What was the most challenging aspect in shooting the film?

Yaron Zilberman:  For me, the most challenging aspect was to be with the assassin—being on the assassin’s side.  In order to make a good movie, you have to completely associate—I’m talking about director, not an audience.  There is a director—in order for me to be able to help the lead actor or any actor to portray their character in the best way, I need to be part of it.  I can’t look from the outside.  I can’t be judgmental because then I can’t help them.  For me to actually be for that period of time—several months of pre-production and then the process of filming—on the side of the assassin in order to help the actors it was the toughest one, emotionally.

Can any of you recall what you were doing when you learned the tragic news of his death?

Yaron Zilberman:  Of course.  I was at an event—a bar mitzvah of a son of friends and my family.  We were there—me and back then was my wife, now ex-wife. We wanted to go to the rally at the end of the bar mitzvah but suddenly the bar mitzvah was cut short. Everybody said Rabin was shot.  We were shocked.  Everybody dispersed.  We went to the car and drove.  Suddenly, we heard on the radio that Rabin was actually dead. All the cars stopped in the middle of the street.  We went out of the car and stood.  It’s one of those events where you just can’t keep on driving or living a normal life anymore.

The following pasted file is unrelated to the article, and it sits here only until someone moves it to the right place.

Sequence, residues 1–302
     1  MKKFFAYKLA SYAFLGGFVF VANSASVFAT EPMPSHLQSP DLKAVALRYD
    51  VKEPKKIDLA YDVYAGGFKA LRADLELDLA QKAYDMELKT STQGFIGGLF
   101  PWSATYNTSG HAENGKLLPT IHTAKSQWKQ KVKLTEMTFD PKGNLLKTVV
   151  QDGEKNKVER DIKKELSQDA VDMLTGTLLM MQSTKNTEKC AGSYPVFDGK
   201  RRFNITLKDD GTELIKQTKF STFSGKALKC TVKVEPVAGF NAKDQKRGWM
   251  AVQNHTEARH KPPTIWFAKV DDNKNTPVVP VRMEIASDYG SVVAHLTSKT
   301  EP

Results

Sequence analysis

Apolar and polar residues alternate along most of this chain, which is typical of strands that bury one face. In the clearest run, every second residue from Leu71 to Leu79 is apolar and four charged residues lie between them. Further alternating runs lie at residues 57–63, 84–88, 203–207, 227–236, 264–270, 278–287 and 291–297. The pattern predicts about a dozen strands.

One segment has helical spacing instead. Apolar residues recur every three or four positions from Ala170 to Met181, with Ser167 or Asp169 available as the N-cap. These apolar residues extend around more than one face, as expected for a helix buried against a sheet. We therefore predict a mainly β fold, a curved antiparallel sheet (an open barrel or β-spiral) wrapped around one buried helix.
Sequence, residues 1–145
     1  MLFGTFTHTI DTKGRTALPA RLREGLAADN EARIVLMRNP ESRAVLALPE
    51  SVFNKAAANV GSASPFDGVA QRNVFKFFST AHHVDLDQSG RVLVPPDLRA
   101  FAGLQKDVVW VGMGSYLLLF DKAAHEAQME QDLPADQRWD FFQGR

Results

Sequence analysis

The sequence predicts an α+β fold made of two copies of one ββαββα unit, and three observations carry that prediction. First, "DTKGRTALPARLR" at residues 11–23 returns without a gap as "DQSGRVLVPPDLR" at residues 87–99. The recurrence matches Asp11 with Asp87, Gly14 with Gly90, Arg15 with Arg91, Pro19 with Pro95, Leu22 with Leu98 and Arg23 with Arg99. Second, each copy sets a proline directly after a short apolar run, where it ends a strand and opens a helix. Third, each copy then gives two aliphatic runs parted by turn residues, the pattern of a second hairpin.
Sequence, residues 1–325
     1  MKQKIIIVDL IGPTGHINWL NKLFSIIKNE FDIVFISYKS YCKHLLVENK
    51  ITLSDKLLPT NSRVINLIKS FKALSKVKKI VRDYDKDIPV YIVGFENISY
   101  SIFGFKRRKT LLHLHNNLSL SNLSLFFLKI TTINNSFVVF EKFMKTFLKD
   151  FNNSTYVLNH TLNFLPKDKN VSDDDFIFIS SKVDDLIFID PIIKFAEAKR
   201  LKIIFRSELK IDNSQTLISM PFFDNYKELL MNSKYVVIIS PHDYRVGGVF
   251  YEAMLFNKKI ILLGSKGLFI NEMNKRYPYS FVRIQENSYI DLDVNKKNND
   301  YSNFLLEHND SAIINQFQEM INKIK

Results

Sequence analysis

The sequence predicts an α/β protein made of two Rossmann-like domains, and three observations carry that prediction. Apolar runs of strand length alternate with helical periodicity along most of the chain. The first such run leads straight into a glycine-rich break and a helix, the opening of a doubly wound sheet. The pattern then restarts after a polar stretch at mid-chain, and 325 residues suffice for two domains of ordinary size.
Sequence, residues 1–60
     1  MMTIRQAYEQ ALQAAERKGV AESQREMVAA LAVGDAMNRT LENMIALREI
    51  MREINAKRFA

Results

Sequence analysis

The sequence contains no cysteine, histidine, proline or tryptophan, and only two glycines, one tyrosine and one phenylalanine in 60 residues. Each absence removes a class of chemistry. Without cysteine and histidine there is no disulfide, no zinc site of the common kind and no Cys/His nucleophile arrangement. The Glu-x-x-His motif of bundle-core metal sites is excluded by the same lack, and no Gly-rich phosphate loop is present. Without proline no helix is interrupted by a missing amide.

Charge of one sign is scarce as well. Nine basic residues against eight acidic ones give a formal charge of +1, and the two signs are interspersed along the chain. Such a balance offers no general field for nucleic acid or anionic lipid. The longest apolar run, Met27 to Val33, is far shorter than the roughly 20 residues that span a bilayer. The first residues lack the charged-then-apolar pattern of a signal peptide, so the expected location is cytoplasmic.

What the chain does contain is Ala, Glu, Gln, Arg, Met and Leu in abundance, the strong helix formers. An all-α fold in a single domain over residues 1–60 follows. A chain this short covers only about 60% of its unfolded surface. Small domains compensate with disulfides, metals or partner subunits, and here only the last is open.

Yehuda Nahari Halevi:  I was ten so I was a kid.   I remember that I watched the event on TV.  It wasn’t that I didn’t understand so much of what happened even though I was just like, okay, I do remember that I asked myself what it means right now.  What it means because I’m from the neighborhood.  I was raised in Herzliya where Yigal Amir went out to assassinate Yitzhak Rabin.  I just remember there was a huge mass after that in the neighborhood.  That’s all I remember.

What do you think might have happened if PM Rabin didn’t get killed in office?

Yaron Zilberman:  I think there was potential that there would have been peace now.  I believe in that because one thing leads to another.  You cannot say now in retrospect that hey, look, there’s no peace, therefore, there was no opportunity for peace because he was shot and that changed history.

Yehuda, your’re playing Yigal Amir in the film.  What drew you to the script and can you talk about your process in taking on the role?